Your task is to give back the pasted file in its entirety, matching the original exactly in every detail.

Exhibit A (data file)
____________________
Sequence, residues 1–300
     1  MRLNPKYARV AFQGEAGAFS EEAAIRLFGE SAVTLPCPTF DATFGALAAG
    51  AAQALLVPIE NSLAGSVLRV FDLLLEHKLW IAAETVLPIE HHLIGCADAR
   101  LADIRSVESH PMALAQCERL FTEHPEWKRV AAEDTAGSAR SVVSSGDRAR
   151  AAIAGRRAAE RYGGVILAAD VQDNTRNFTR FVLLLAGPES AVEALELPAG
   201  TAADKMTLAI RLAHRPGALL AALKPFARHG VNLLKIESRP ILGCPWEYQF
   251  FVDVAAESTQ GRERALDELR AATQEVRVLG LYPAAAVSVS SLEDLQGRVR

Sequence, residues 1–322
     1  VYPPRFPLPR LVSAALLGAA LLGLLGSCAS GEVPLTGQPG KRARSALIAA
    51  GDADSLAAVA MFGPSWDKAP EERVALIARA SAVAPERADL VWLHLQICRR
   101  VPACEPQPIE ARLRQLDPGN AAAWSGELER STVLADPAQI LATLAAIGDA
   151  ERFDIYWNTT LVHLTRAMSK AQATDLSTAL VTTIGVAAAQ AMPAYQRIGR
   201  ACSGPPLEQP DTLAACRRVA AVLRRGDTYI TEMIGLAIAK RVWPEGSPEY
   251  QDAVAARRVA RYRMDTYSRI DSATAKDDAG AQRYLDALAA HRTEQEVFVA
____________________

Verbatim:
Sequence, residues 1–300
     1  MRLNPKYARV AFQGEAGAFS EEAAIRLFGE SAVTLPCPTF DATFGALAAG
    51  AAQALLVPIE NSLAGSVLRV FDLLLEHKLW IAAETVLPIE HHLIGCADAR
   101  LADIRSVESH PMALAQCERL FTEHPEWKRV AAEDTAGSAR SVVSSGDRAR
   151  AAIAGRRAAE RYGGVILAAD VQDNTRNFTR FVLLLAGPES AVEALELPAG
   201  TAADKMTLAI RLAHRPGALL AALKPFARHG VNLLKIESRP ILGCPWEYQF
   251  FVDVAAESTQ GRERALDELR AATQEVRVLG LYPAAAVSVS SLEDLQGRVR

Sequence, residues 1–322
     1  VYPPRFPLPR LVSAALLGAA LLGLLGSCAS GEVPLTGQPG KRARSALIAA
    51  GDADSLAAVA MFGPSWDKAP EERVALIARA SAVAPERADL VWLHLQICRR
   101  VPACEPQPIE ARLRQLDPGN AAAWSGELER STVLADPAQI LATLAAIGDA
   151  ERFDIYWNTT LVHLTRAMSK AQATDLSTAL VTTIGVAAAQ AMPAYQRIGR
   201  ACSGPPLEQP DTLAACRRVA AVLRRGDTYI TEMIGLAIAK RVWPEGSPEY
   251  QDAVAARRVA RYRMDTYSRI DSATAKDDAG AQRYLDALAA HRTEQEVFVA